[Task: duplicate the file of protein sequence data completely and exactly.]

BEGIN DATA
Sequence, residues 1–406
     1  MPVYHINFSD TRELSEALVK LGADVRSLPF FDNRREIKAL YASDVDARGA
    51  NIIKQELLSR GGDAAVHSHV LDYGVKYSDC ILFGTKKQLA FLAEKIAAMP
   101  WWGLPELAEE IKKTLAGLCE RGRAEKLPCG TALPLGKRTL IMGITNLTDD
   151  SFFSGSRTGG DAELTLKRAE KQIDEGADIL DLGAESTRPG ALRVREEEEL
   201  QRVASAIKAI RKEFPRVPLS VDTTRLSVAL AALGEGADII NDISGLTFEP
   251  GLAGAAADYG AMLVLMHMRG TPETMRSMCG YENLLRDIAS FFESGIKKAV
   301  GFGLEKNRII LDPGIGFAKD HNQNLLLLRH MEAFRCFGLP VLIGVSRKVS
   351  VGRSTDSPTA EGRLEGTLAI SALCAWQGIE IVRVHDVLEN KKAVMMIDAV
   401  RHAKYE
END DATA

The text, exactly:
Sequence, residues 1–406
     1  MPVYHINFSD TRELSEALVK LGADVRSLPF FDNRREIKAL YASDVDARGA
    51  NIIKQELLSR GGDAAVHSHV LDYGVKYSDC ILFGTKKQLA FLAEKIAAMP
   101  WWGLPELAEE IKKTLAGLCE RGRAEKLPCG TALPLGKRTL IMGITNLTDD
   151  SFFSGSRTGG DAELTLKRAE KQIDEGADIL DLGAESTRPG ALRVREEEEL
   201  QRVASAIKAI RKEFPRVPLS VDTTRLSVAL AALGEGADII NDISGLTFEP
   251  GLAGAAADYG AMLVLMHMRG TPETMRSMCG YENLLRDIAS FFESGIKKAV
   301  GFGLEKNRII LDPGIGFAKD HNQNLLLLRH MEAFRCFGLP VLIGVSRKVS
   351  VGRSTDSPTA EGRLEGTLAI SALCAWQGIE IVRVHDVLEN KKAVMMIDAV
   401  RHAKYE